Word on the street is that there’s a little pill you can take every day to protect yourself from ever getting HIV. But that’s crazy, right? What’s actually crazy is that more people don’t know about it! There’s a lot of rumors circulating about PrEP, or “Pre-exposure Prophylaxis,” so we’re here to clear the air. Let’s get started.

PrEP refers to taking daily medication prior to being exposed to HIV to dramatically reduce your chances of getting the virus. Right now, there’s only one medication available, called Truvada, and it’s been around for about 5 years. Keep reading to learn more about this game changing pill, and to see if it’s right for you.

Does it Have Side Effects?

Truvada works by preventing the HIV virus from multiplying, buying the immune system time to fight off the infection before it’s too big to tackle. While Truvada is very effective in preventing the virus from multiplying, it has minimal effect on human cells. In short, side effects are rare. A small number of people—about 5%–will experience some headaches or intestinal distress such as bloating or diarrhea in the first month of treatment. For people who already have kidney disease, Truvada could further impair kidney function, so routine monitoring is recommended for these people.

Does it really work?

Yep! Truvada for PrEP is incredibly effective if taken every day. Studies have shown it to be over 92% effective in preventing HIV infection. The key is taking it regularly. Scheduling a time to take it every day and setting a phone reminder will help you get in the habit of taking your medication.

I hear it’s really expensive. How could I afford that? Medication for PrEP is expensive, but fortunately many patient assistance resources are available. For starters, at this point most insurance companies cover PrEP. The company that makes Truvada has a patient assistance division that will help you understand your insurance benefits. Plus, the division provides a co-pay relief card that can cover copay costs and insurance deductibles up to $7,200 per year! Go to gileadadvancingaccess.com for full details. And if you’re uninsured, don’t worry. Public health departments in some states can provide PrEP free of charge! Your medical clinician can help you figure it all out. In short: many patients are able to obtain PrEP with NO out of pocket costs.

How do I know if I should take it?

Great question! PrEP is recommended for those who are at “high risk” of getting HIV, but that description definitely covers a wide variety of people and it can be confusing to navigate. There are a number of things that put you at higher risk of getting HIV: having an HIV positive sexual contact, having sexual partners who don’t know their HIV status, having anal sex (particularly anal receptive sex), living in areas that have high rates of HIV infection, having condomless sex, and sharing needles. Young men who have sex with other men (MSM), young men of color, and trans women have the highest risks of HIV infection. The CDC has projected that if current rates of HIV persist, 1 in 2 young black MSM, 1 in 4 young latinx MSM, and 1 in 9 MSM overall will become infected with HIV in their lifetime. Spreading the word and getting more people access to PrEP has the potential to help improve these staggering statistics.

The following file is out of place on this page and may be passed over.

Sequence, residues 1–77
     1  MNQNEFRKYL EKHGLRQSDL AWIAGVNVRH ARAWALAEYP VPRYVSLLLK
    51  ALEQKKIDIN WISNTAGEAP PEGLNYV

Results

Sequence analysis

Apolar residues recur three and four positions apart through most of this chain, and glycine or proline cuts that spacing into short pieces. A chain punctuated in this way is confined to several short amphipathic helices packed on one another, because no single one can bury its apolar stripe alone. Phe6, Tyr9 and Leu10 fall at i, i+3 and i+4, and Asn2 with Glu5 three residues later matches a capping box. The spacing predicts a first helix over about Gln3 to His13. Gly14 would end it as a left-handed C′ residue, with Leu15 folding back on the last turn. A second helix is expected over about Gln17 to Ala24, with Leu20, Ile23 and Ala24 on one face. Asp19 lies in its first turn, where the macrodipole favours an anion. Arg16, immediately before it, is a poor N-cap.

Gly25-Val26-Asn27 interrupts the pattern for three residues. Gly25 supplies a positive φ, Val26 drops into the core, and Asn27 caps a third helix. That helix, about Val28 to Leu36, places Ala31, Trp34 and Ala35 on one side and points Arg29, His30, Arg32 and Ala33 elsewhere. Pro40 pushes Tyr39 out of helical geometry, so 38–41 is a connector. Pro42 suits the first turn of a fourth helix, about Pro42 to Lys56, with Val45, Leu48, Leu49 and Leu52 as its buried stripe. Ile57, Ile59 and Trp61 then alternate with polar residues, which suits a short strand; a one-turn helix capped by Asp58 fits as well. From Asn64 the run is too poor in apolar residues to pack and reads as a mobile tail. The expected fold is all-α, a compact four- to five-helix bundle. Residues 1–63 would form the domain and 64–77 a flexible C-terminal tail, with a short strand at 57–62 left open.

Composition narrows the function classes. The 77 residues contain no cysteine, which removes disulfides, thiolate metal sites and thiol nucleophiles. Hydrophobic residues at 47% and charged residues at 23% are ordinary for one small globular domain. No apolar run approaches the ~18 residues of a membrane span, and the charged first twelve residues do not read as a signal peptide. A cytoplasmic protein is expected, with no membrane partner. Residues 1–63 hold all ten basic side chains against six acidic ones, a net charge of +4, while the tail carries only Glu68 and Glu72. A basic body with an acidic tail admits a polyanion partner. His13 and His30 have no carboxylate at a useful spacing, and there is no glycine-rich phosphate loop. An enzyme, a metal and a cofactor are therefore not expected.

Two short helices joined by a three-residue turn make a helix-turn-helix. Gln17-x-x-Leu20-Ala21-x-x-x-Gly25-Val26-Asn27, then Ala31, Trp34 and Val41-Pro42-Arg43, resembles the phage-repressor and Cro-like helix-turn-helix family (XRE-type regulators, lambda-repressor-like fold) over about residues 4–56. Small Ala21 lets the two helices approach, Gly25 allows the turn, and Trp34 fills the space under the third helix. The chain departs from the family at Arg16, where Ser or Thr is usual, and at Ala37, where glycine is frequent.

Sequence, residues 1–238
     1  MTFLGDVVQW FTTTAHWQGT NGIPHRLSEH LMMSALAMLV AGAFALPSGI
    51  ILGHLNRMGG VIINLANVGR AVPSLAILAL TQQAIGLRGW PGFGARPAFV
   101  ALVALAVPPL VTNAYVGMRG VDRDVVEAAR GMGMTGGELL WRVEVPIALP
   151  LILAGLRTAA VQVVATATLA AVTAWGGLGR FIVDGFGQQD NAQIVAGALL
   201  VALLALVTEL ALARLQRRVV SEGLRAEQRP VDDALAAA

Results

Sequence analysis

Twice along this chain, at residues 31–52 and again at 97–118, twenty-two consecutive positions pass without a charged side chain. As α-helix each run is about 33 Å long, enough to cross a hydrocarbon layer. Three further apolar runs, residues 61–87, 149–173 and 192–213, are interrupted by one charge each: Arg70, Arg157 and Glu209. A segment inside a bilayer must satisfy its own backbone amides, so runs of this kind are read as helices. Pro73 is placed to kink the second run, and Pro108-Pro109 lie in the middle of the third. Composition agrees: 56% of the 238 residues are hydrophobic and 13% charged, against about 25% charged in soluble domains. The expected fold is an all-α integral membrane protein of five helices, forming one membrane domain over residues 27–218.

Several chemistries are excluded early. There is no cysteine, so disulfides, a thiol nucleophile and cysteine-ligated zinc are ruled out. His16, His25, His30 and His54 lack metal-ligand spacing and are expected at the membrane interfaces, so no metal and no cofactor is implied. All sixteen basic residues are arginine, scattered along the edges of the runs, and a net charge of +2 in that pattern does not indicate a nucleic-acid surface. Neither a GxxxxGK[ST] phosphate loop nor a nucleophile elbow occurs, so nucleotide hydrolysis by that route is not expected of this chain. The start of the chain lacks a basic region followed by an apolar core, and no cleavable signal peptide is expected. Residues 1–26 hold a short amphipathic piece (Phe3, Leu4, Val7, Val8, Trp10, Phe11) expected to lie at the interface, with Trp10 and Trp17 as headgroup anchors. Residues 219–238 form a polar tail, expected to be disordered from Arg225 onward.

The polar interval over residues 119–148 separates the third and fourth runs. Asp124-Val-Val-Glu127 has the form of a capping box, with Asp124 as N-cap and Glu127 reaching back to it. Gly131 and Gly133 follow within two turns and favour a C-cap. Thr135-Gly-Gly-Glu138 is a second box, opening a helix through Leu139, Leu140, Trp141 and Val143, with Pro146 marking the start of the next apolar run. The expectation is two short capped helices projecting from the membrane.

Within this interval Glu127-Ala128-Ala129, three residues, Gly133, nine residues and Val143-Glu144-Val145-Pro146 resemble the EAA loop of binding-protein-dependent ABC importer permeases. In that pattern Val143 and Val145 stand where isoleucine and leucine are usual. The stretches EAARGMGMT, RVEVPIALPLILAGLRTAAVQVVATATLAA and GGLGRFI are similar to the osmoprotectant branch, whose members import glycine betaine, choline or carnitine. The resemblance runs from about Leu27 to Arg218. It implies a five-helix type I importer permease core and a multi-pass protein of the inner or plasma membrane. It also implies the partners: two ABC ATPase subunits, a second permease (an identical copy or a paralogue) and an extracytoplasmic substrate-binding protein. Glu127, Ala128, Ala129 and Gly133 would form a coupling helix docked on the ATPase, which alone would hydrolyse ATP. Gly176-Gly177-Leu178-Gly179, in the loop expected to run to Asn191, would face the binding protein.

How do I find a doctor who can prescribe it?

The Center for Disease Control maintains a database of PrEP prescribers which makes finding a provider super easy! Local public health departments are often a good resource too.

Do I need to have a doctor?

You do need to be under medical care to get PrEP. It’s very important to make sure that you don’t have HIV infection before starting PrEP. Unfortunately, the dose of medication in Truvada is not enough to treat an HIV infection. If you accidentally take Truvada when you have an active infection, your virus could develop resistance to the medication, limiting your choices for effective HIV treatment later on. That’s while while taking Truvada you need to have an HIV test every 3 months to make sure you haven’t contracted HIV. Kidney function testing, as well as various other STI screening is also done at the regular visits.

That’s a lot of doctor visits!

It is a lot of doctor visits, and it can be hard to fit them into your life. Some clinics are developing ways to get the regular HIV and STI tests without so many visits to an office. binx health is building such a system with our at home testing methods — so make sure to stay tuned for more on that in the near future!

Does PrEP prevent other STIs?

Medication for PrEP does not prevent or treat other STIs. Consistent condom use is recommended as a backup to PrEP, and to prevent other STIs. Regular STI testing every 3 to 6 months is recommended for those taking PrEP.

Want more information on HIV? Go check out our blog post on early HIV infection. Looking for convenient, discreet, at-home STI Testing? Take our simple quiz to find the right test for you.